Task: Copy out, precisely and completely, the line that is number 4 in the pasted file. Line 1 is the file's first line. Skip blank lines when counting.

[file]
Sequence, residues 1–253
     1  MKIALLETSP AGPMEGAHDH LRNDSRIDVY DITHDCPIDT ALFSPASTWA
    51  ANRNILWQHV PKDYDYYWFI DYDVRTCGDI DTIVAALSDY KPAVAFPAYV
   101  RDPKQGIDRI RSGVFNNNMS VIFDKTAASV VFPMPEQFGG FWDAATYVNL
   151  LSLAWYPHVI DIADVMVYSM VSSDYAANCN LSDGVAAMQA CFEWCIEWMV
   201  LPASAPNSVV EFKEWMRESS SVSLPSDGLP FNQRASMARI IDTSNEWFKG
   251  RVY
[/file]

   101  RDPKQGIDRI RSGVFNNNMS VIFDKTAASV VFPMPEQFGG FWDAATYVNL